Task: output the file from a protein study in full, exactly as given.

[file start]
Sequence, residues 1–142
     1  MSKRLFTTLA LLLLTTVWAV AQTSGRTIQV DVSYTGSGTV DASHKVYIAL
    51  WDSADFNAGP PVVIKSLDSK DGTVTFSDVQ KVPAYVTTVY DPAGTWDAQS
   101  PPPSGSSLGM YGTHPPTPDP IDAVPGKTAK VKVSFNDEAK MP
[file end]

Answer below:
Sequence, residues 1–142
     1  MSKRLFTTLA LLLLTTVWAV AQTSGRTIQV DVSYTGSGTV DASHKVYIAL
    51  WDSADFNAGP PVVIKSLDSK DGTVTFSDVQ KVPAYVTTVY DPAGTWDAQS
   101  PPPSGSSLGM YGTHPPTPDP IDAVPGKTAK VKVSFNDEAK MP